The 10th anniversary of Sept. 11 is right around the corner. Everyone has commemorations planned.
TV stations and radio stations all have special shows planned. The Journal-World and LJWorld.com have a host of Sept. 11-related stories planned for Sunday — and we hope you've already seen Chad Lawhorn's piece on the memorial in Anthony, Kan.
So, now we turn to all of you. We want to know where you were when you first found out about the attacks on the World Trade Center. Who broke the news to you? What do you remember about that day?
I'll start with my story.
I was still in high school in the Parkway School District in suburban St. Louis. I had just finished a test in an English class (the test was over the Scarlet Letter) and I asked to use the restroom. This was about 8:30 a.m., Central Time. I walked through one of our commons areas and saw a group of teachers and students gathered around a TV. I walked over and watched the towers burning on CNN.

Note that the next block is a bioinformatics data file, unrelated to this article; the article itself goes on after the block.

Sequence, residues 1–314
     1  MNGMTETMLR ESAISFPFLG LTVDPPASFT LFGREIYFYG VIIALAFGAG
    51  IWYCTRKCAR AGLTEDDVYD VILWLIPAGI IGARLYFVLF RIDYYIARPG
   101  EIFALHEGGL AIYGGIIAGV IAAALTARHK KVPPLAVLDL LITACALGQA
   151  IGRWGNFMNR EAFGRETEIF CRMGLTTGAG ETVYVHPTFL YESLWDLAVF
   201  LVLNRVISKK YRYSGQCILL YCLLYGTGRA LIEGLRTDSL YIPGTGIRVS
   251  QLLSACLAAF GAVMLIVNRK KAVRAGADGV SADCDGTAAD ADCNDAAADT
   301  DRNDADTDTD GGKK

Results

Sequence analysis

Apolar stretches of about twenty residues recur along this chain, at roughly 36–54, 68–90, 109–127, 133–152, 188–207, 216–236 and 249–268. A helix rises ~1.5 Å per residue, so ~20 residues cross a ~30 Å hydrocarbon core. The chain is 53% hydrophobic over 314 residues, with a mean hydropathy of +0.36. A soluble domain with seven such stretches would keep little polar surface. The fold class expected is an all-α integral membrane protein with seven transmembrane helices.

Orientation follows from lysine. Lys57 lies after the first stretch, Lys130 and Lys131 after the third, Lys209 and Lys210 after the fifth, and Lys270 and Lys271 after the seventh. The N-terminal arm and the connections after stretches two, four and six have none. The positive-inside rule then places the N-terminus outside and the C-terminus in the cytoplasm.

I returned to my class and broke the news to my classmates, but I really didn't know the significance at that time. Most of the rest of my classes that day consisted of watching the live coverage, first as the Pentagon was hit, then as Fight 93 crashed in rural Pennsylvania. I'll never forget being in my French class and seeing the face of my teacher. He was an older teacher — he retired that year — and was emotionally drained by what had happened. It left an impression on me.
As the day ended and I drove home, something else struck me. At that time, St. Louis was still a major hub for Trans World Airlines, and the landing pattern for Lambert International Airport went right near our high school. Except, on that day, there were no jets in the sky. No contrails. It was the first unplanned suspension of commercial flight activity in the country's history.
When I got home, and finally was able to control a remote, I checked all the channels. I was stunned and amazed to see that not only were the broadcast networks and cable news channels all airing live coverage of the day's events, but all of the entertainment channels were as well. I distinctly remember marveling at the fact that both MTV and BET had interrupted their regular programming and replaced it with a simulcast of news.
That's my story. What's yours? What do you remember from that day that we'll never forget? Share your story in the comments, below.